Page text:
Jessie, our heroine and narrator, is looking forward to the start of the school year. She has two best friends, an older brother who is part of the Cool Punk Scene, and a nice back-stock of funny/irreverent skirts that she has spent all summer making because she is - and I quote - “A fan of funny clothing.” She makes these cute little ironic skirts while listening to audio books about doom and death (Stephen King, and a few post-apocalyptic numbers) and she is looking forward to adding pre-calculus homework and girls nights to these two activities.

Of course - if things worked out that way we’d all be bored. So, as with all good coming of age novels, Things Go Wrong. Her “best friends” turn up “punk” overnight and start to obviously use her. There is even The Biggest Girlfriend Transgression a 15 year old can commit (I don’t want to give it away because it’s a major plot point, but I’m sure you can guess.) It quickly becomes clear to Jessie that these girls are not her friends. Or, at the very least, they’re not people she wants to be friends with any more.

So Jessie starts out on what my English professors always called a “Rite of Passage” - trying to find her own identity while keeping her own humorous outlook on the world - and come to terms with the fact that her Cool Punk Brother is doing the same thing - and she starts to socialize with other groups of new people. She also - gasp - starts to see her family in a new light.

Halpern (who works as a school librarian for the very age group this book is targeted at) has the vernacular down. Will it seem dated in 10-15 years? I hope not. Or if it does, I hope it’s dated in a Judy Blume way...where you don’t really notice because the story is so darn good and you know Exactly How Jessie Feels. Because I think a lot of girls do. And will, once they read this. She’s certainly a unique character (audio books and funny skirts, anyone?) but she’s also a recognizable one. Even for us girls who are twice her age.

[ps - I think that this would even be a good read for moms...she might just be this generation's Judy Blume. So pick it up and understand your daughter that much better.]


The Rights of the Reader by Daniel Pennac

Pennac is a very well-respected and popular French author. This book, which I read translated into English but which retains its French flair, focuses on the journey one takes from being an avid reader of picture books through being a student who reads only because it is required but will otherwise avoid it at all costs, to the adult who may or may not have returned to reading...and what parents and teachers can do about it. I’m not sure how to summarize, or even chat about it more without just quoting bits of it. Not that this is a bad thing. It’s a quick read, but neither my library nor my local megabook emporium had a copy on hand, so I picked it up off of Amazon and I like that it has a place on my shelf.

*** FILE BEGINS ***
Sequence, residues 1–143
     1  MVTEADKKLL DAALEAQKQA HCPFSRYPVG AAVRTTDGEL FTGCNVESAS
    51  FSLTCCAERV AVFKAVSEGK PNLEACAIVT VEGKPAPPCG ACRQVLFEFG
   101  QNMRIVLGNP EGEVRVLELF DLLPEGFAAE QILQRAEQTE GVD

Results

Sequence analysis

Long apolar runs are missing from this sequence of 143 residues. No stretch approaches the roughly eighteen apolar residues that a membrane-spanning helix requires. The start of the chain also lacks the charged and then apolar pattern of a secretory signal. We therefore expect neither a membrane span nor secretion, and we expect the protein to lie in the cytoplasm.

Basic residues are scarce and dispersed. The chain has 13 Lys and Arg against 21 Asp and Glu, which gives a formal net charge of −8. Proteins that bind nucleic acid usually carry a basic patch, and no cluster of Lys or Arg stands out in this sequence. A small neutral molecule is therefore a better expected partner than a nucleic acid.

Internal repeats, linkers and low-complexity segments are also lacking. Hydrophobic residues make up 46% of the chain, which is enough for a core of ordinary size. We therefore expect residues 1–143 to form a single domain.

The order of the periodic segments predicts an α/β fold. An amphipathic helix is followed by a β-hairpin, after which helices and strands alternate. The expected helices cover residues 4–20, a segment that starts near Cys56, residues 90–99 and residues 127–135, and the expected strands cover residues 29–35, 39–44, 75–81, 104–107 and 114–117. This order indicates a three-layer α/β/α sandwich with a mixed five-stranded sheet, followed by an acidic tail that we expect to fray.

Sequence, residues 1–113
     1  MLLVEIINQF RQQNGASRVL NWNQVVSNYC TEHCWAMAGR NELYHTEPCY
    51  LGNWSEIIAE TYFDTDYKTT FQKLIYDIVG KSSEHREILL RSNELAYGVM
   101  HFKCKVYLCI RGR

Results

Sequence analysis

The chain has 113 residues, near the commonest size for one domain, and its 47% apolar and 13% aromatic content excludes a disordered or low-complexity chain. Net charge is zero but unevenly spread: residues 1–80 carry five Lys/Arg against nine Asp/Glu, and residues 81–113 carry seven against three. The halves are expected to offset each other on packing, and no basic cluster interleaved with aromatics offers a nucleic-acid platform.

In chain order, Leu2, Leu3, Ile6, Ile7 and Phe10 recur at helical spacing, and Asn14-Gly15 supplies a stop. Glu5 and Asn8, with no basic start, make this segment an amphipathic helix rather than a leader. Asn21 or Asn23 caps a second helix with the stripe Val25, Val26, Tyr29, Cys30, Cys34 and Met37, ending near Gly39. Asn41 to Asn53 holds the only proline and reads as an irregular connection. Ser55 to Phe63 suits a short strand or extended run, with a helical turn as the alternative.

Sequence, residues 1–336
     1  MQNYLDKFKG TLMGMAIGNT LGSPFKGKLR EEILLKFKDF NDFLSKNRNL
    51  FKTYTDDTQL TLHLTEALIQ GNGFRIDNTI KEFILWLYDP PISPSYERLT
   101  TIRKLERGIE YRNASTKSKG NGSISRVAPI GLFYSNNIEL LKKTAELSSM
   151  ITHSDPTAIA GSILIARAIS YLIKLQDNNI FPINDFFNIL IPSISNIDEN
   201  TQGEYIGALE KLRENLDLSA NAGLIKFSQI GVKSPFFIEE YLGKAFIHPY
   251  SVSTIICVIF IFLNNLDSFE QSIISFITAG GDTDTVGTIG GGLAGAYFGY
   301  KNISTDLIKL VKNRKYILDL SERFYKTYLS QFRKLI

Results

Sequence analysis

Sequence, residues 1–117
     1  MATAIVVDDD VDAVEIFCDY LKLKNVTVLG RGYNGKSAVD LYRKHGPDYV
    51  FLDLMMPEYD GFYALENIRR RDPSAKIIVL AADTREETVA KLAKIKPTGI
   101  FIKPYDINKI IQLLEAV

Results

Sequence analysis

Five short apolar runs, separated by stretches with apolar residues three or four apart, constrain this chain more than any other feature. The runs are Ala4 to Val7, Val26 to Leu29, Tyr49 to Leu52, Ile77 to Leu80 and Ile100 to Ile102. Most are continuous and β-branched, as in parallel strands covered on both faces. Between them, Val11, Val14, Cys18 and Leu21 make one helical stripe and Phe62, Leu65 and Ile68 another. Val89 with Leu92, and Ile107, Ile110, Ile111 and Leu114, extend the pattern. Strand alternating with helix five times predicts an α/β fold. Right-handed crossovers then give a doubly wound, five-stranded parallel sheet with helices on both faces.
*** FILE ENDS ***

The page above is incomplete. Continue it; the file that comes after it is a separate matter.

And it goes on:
I did hijack a quote and have put it on my facebook profile...particularly because it appeals to me not just as a former interior designer (the skill and desire are there, I just haven’t practiced outside of my home since we moved) and an aspiring novelist (desire and practice...but maybe not skill? That remains to be seen.)

“We human beings build houses because we’re alive, but we write books because we’re mortal.” (this is where I ended my quote. His next sentence reads: “We live in groups because we’re sociable but we read because we know we’re alone.” Also applicable to my life, but not nearly as inspiring, no?)

I don’t normally pull from the back of the book, but his Rights of the Reader are printed right there for all the world. So I will reprint them here:

1) The right not to read.
2) The right to skip.
3) The right not to finish a book.
4) The right to read it again.
5) The right not to read anything.
6) The right to mistake a book for real life.
7) The right to read anywhere.
8) The right to dip in.
9) The right to read out loud.
10) The right to be quiet.

And there you have it. Read the whole book, though. Teachers, parents, people who interact with hesitant readers...this is good for all of them. And it’s illustrated by Quentin Blake, which is a bonus in my eyes.


Alice in Wonderland by Lewis Carroll

I re-read this (and some other) classic children’s books during my two months “bed rest” and I enjoyed it. To clarify before you start jumping to conclusions - I just read this one, and not Through The Looking Glass, which came next and had the Jabberwocky in it.

Alice starts off being spectacularly bored by her older sister, as any child would be on a beautiful afternoon when there are more interesting things to do than read a book...so she drifts off for a minute until she is startled awake by the White Rabbit. I’m going to assume you know the story. Everyone does.

It’s not surprising that as I read I heard the soft voice and saw the cartoony characters that Disney put on the screen decades ago. And then I realized something when I was about halfway through the book…it had been Disneyfied! Lewis Carroll was on (HAD to have been, but I haven’t done the research. Forgive me) drugs. Opium, maybe? The caterpillar was. And it’s the only way to explain the baby turning into a pig (left out by Disney.)

I was also struck by how RUDE all of the adults were and how creepy everyone else was. I’ve had some weird dreams lately (yay hormones) but Wonderland puts them all the shame. Which is why the reader is never quite sure if Alice dreams it all or if it actually happens - which is one of the common threads I’ve found in the books that last: where the author decides that the reader is smart enough to figure it out.

That doesn’t mean that this book isn’t dated, because it is. Who curtseys anymore, when they’re not meeting the queen? The language and the lessons place it squarely in the place and time in which it was written, but that only adds to the magic and mystery of Wonderland. A lost little girl speaking a language that sounds like English but which isn’t as familiar as our own English encountering people who in turn are speaking an even less sensical version of the language. If you think too hard on it your brain might turn to mush.

It’s a short little book, and filled with lovely woodblock illustrations - I do recommend reading it before heading to the theatre to see the Tim Burton version. Relying on Disney as the yardstick against which to measure it...well, that will only leave you wanting.

Click here for the trailer of what could be the best possible cinematic interpretation.

This is only slightly related to the book, it's more of a family drama in which wonderland plays a role, but I watched it and I feel that everyone should.